The Bar Guide for Turning 21


Jenna Wiley, Editor-in-Chief

You’re finally turning 21. Gone are the days of relying on your older friends to buy you beer. It’s finally up to you to navigate the bar scene by yourself, hopefully without looking like a newbie or making too many mistakes along the way.



Over time, you’ll come to realize that it pays to be friendly with the doorman. Any time they give you trouble, it’s probably because he or she is just plain bored. I mean, just think of what their job entails: soberly sitting for hours, sometimes in the cold, ushering in young, drunken crazies until the wee hours of the morning. Not the most fun job, if you ask me. Instead of acting stiff and defensive with the bouncer, be nice, ask how they’re doing. Maybe next time, they’ll remember you and let you in free of charge.



Choosing your first legal drink can be a real headache if you aren’t quite sure about your preferences. While ordering, you’ll be faced with a number of questions: “Draft or bottle?” “Type of liquor?” “Open tab, closed tab?” And, if you aren’t ready, things can get complicated fast.

The moral of the story is to at least talk to your friends before approaching the bar instead of assuming you’ll pick your favorite drink on the first try. Chances are, discovering your drink of choice will actually take a while and a lot of taste testing.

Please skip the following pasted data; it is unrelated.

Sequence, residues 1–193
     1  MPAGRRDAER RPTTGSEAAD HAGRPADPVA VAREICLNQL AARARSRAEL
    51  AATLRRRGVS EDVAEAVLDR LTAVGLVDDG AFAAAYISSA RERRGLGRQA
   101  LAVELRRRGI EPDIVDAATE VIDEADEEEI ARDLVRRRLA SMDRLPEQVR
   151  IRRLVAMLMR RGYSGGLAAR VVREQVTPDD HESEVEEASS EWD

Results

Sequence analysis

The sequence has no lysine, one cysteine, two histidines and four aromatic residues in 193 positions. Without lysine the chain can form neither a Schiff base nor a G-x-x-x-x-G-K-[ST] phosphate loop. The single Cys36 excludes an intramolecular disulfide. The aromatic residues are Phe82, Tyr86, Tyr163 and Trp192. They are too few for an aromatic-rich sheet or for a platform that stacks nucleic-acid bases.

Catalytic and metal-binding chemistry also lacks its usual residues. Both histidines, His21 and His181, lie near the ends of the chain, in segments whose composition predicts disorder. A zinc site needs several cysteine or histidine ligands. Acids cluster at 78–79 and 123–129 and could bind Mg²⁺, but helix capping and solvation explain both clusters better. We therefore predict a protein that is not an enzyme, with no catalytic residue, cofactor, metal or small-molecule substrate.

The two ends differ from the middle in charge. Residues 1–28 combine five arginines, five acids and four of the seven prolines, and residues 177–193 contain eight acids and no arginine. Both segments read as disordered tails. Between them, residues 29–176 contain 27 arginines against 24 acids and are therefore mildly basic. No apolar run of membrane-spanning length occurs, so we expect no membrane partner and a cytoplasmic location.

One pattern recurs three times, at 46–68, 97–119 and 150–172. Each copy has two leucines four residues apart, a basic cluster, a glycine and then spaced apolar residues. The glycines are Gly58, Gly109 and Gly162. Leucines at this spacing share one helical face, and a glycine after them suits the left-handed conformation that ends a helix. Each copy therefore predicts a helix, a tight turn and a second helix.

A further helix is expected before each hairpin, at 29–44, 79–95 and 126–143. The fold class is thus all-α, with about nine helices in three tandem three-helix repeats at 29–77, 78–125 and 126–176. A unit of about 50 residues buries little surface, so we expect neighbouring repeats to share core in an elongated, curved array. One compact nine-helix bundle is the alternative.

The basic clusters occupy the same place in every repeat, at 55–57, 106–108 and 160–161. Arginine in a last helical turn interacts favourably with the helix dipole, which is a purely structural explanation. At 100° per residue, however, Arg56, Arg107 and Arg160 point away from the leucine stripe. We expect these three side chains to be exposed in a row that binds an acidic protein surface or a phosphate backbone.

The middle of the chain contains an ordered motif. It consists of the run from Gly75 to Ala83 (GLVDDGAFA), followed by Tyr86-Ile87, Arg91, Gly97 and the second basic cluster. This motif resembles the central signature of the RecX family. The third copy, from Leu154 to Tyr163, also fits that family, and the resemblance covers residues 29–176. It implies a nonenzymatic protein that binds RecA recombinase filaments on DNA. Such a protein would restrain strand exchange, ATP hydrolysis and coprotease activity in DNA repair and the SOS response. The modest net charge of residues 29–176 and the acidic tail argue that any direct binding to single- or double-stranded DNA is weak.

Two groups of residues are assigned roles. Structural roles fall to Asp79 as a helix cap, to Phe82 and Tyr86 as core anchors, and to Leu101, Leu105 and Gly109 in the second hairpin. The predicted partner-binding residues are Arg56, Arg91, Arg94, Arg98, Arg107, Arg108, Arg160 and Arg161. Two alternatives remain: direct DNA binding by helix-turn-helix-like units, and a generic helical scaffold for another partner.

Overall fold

Be forewarned, a night out on the town ain’t cheap. By the time you pay any possible cover fees at the door, two or more drinks for yourself and a round for your friends, you’re looking at … well, a lot of hard-earned money spent. How do you enjoy your 21-year-old self, while living on a student budget? It’s all about strategy.
Find the bars with no cover fees, specials on drinks and ahem… ladies, look for bars with a good male to female ratio so you can get a free drink or two. And, gentlemen, be sure to choose wisely when buying drinks for girls. Make sure the girl you’ve got your eye on won’t just run away with her cranberry vodka immediately after it’s handed to her.


Whether you like it or not, turning 21 means that everyone around you is going to try and get you a tad more drunk than you should ever be. Another shocker that most 21-year-olds forget: you can refuse drinks and go on to live a full and healthy life. Actually, I recommend it.

When I first turned 21 everyone bought a round of shots and I drank more than my newbie 21-year-old body should have drank. It’s OK to refuse drinks and shots that others buy you. They’re not the ones that will be suffering the next day with an agonizing hangover.